International box office boggles biz

Many tentpoles doing bigger business overseas

It’s been a topsy-turvy summer so far at the worldwide box office.

Hollywood studios have come to depend upon foreign coin for their franchises, with many tentpoles doing bigger business overseas than at the domestic B.O.

This summer has already seen more pronounced examples than usual.

Sony’s “Angels and Demons” is the latest striking example of a title that works much better overseas. The sequel to “The Da Vinci Code” has grossed $319 million at the international box office. That’s nearly $200 million more than the film’s $123.2 million domestic gross (through Sunday).

“Angels,” which reteams director Ron Howard with Tom Hanks, boasts a worldwide tally of $442.2 million, making it the first film of 2009 to jump the $400 million mark. “Da Vinci Code” grossed more than double its domestic take internationally.

McG’s reboot “Terminator: Salvation” is also finding more solace in international territories, earning far more internationally than in North America.

Pic, which Sony is distributing overseas, is still playing well abroad with $164.6 million, already surpassing its domestic take. In the U.S., where it is distribbed by Warner Bros., it’s grossed $113.9 million and probably won’t see much more theatrically.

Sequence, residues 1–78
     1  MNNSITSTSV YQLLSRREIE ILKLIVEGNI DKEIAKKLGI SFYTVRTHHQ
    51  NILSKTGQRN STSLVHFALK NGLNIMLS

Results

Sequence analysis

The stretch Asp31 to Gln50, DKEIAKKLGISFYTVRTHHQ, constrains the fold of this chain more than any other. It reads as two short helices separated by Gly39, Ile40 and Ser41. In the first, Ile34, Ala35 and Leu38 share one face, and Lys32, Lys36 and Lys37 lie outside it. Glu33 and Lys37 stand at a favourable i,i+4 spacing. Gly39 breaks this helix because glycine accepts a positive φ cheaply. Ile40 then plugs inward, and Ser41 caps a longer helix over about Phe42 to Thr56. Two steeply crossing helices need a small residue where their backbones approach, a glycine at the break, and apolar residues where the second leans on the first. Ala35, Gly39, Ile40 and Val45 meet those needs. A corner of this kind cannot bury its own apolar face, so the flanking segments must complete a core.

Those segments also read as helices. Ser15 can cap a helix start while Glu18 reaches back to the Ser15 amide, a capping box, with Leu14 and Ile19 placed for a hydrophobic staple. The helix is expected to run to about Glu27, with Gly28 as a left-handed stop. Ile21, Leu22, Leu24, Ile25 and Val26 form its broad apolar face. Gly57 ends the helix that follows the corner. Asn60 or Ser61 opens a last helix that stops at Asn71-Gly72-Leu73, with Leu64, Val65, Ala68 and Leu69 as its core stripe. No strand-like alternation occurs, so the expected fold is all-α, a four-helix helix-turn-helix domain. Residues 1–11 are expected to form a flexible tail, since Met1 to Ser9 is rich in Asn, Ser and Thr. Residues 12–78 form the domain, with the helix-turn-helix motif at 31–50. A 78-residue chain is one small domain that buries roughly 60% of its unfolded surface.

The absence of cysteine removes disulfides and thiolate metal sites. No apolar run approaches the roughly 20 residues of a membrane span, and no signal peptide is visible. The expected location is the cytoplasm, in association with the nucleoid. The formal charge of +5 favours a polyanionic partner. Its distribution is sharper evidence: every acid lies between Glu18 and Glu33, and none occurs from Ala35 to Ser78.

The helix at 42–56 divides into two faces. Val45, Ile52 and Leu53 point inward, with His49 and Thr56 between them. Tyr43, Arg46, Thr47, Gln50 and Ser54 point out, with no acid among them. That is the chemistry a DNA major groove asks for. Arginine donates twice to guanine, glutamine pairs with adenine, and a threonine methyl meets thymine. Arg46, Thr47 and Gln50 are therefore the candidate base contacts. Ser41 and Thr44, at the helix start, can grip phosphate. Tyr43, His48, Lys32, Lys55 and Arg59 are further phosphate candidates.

“Terminator 4” should continue to see impressive business overseas this weekend, although competition looms next week with the day-and-date bow of Paramount’s “Transformers: Revenge of the Fallen.”

Over the June 12-14 weekend, “Salvation” opened to $10.7 million in Japan, the biggest debut in the territory since “Indiana Jones and the Kingdom of the Crystal Skull.” In its China launch the film grossed $9 million, one of the top openings of all time for a non-Chinese film in the territory.

In contrast, Paramount’s “Star Trek” has done significantly more business domestically, with $231.9 million vs. $116.8 million overseas.

Par expected the grosses to be lopsided, since the sci-fi franchise has never resonated with foreign auds and has a smaller fanbase abroad than in the U.S., although U.K. and German auds have their share of Trekkies.

Paramount said it considers the foreign run a success since its goal was to hit the $100 million mark internationally.

“Star Trek’s” foreign showing is double the $57.4 million grossed overseas by “Star Trek: First Contact,” previously the franchise’s top performer.

Domestically, “Star Trek” is the only film so far this summer to jump the $200 million mark.

Some pics seem to straddle the fence, grossing nearly the same abroad as in the U.S. Fox’s “X-Men Origins: Wolverine” has grossed $179.6 million internationally and $176.4 million domestically for a total of $356 million.

The studio’s “Night at the Museum: Battle of the Smithsonian” tickled foreign auds just a touch more than at home, with $179.9 million internationally and $143.5 million domestically for a worldwide tally of $319.4 million.